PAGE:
Fronting the Murray River in Mildura, this project is a poetic symbiosis of sustainable design and luxury. Overlooking the water, carefully detailed natural materials and sculptural curved rammed earth wall.
The carefully detailed raw materiality highlights the luxurious qualities inherent within natural materials, and the form communicates with landscape.
The client’s aesthetic agenda became a spring board for opportunities to achieve environmental gains. Their brief initially outlined their visual aspirations; these were explored to uncover the underlying priorities which ultimately formed this exceptionally efficient sustainable project.
“Luke’s [project] stood out in showcasing a design process, which involves rigorous analysis (of patterns, the natural environment, sightlines, etc) and resulting in a building not only of extremely high performance and ecological integrity, but also in creating beautiful spaces connected with the landscape.”
The sculptural curve of the rammed earth wall veils the master bathroom from the bedroom.
THE SERENE JAPANESE ENTRY COURTYARD HAS BEEN DESIGNED WITH FENG SHUI PRINCIPLES.
The house forms a bold silhouette in the dwindling light a dramatic backdrop for evening entertaining.
At night hidden lights transform the house into a dramatic focal point.
Views have been carefully framed for dramatic effect.
Paul & Sharon Dean
Keith Long & Associates Pty Ltd
EME Design pty ltd, Cundall
Labyrinth fans & cooling back up – John Devilee Refrigeration Pty Ltd Heating Heating (in slab), solar panels and storage & hot water Aquatherm Pty Ltd Lighting Concept: EME Design pty ltd
Rammed Earth: Earth Structures Australia Pty Ltd
Masonry Frame Structure: Natural finish Sand and cement render with application texture.
Ceiling: Radial cut mountain ash shiplap boards lime washed Fascia: Stained Laminated pressure treated cypress pine – LTS.
Windows: Double glazed low e glass Cedar Timber windows.
Floor: Limestone, natural wool carpet.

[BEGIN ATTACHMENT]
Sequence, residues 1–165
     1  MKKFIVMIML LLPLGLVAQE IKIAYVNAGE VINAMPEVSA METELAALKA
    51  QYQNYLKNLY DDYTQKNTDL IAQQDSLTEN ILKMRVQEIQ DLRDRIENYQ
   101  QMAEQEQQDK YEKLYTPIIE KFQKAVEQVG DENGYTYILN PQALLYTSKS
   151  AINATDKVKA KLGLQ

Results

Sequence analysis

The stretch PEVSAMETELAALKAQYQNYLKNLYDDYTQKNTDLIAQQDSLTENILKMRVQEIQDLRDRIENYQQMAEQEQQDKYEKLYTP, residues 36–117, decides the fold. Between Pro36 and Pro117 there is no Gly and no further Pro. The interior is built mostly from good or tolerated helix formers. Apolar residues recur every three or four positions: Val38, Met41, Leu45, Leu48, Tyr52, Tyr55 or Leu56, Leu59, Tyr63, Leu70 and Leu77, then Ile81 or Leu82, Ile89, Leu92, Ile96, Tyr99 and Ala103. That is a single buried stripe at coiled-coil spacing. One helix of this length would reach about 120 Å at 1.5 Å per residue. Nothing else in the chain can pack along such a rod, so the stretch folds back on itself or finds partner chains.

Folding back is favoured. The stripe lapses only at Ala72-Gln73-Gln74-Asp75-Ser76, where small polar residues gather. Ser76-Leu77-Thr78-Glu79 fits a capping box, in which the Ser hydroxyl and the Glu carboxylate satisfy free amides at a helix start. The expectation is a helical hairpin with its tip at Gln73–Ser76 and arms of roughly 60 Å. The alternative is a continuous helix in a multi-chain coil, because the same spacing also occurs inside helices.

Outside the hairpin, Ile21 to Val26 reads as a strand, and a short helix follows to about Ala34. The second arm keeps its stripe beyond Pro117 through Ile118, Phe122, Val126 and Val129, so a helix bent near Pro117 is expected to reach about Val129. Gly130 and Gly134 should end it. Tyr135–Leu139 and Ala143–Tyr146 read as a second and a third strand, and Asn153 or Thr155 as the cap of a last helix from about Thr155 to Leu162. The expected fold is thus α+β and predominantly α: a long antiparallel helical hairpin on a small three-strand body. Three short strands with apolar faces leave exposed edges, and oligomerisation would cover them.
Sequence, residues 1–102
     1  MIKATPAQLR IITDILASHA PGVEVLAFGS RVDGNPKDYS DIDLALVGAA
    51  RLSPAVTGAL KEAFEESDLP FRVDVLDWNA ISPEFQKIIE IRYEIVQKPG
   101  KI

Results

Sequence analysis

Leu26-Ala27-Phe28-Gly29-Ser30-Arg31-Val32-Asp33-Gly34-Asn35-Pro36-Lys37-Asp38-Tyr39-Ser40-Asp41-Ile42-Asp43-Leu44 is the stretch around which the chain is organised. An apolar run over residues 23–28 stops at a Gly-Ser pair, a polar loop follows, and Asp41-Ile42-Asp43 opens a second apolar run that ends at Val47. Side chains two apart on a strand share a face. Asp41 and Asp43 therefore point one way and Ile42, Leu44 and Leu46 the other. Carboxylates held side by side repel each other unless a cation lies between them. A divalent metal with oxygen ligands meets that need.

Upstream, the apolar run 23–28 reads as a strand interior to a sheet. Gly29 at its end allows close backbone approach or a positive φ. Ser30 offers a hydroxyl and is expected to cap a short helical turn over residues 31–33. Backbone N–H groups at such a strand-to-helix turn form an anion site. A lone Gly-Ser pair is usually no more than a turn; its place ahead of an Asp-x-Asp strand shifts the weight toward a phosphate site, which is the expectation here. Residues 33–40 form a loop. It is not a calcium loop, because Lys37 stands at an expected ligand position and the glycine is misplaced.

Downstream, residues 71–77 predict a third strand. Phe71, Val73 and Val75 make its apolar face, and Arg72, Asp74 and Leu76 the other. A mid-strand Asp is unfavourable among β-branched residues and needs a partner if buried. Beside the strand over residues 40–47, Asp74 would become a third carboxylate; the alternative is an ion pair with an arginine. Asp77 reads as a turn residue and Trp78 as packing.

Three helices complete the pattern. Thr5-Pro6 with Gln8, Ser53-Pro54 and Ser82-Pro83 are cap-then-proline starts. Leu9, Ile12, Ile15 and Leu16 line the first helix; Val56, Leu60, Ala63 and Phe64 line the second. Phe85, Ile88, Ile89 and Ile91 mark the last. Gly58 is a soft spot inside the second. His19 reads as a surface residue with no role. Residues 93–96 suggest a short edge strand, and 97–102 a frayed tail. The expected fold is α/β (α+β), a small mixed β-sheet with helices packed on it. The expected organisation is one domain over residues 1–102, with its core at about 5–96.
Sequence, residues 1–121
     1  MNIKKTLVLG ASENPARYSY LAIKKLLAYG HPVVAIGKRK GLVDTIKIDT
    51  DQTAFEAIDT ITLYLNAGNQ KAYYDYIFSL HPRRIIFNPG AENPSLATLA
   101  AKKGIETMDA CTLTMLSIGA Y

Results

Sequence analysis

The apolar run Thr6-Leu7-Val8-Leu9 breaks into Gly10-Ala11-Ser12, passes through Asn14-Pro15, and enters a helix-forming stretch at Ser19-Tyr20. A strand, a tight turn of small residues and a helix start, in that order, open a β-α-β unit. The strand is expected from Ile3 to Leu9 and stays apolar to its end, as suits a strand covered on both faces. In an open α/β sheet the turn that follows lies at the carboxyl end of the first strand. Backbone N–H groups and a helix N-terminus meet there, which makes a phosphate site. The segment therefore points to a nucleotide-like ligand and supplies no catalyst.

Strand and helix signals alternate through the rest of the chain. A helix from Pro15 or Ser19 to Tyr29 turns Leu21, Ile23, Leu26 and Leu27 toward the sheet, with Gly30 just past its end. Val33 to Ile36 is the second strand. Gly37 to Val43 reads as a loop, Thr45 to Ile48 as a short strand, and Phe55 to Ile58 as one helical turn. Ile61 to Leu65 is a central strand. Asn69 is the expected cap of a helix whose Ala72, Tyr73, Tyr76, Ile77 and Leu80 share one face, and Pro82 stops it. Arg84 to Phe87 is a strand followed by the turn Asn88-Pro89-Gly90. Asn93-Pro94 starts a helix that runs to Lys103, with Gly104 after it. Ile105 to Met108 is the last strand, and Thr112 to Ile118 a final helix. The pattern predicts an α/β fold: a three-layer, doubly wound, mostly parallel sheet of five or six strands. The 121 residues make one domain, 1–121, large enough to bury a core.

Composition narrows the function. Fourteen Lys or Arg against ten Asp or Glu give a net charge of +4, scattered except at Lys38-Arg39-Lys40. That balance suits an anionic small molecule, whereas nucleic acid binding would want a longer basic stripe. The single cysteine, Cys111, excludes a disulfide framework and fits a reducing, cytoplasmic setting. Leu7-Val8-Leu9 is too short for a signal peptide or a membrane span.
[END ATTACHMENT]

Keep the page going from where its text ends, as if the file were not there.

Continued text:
Bench tops: Concrete – Rutso.
Decking: Spotted gum Nullarbor Timber
ESD case study
The aim was to reduce the energy consumption with 50% over a similar home in a comparable area and exceeded this. This was achieved, and an even higher ambition of 64% reduction, by overlaying the responses to our resource mapping. These included mapping the sun’s path, the sight lines, the subterranean temperature, materials and other potentials. The intended gains from every single system were improved upon when it operated in conjunction with another system. Data logging revealed that the building exceeded the simulated model’s predicted performance. The interaction between the passive and active systems offers greater gains through the complexity with which each system operates. By responding, finding windows of opportunity and ultimately producing an organic system that works reciprocally within other systems to produce an elastic loop, these gains were reached.
sustainable function in a luxury home
This project addresses the challenge of achieving sustainable function in a ‘luxury’ home. This is a timely opportunity as more people aspire to the costly environmental qualities of size and grandeur. This project is a symbiosis of sustainable design with a luxurious living, underpinned by embedded environmental design components including: in ground Labyrinth cooling with night heat purging, insulated and non insulated rammed earth walls and low e double glazing with strategic window positioning.
Progress continues at Northcote…
Key to our philosophy is a healthy appetite for learning, listening, discovering and questioning.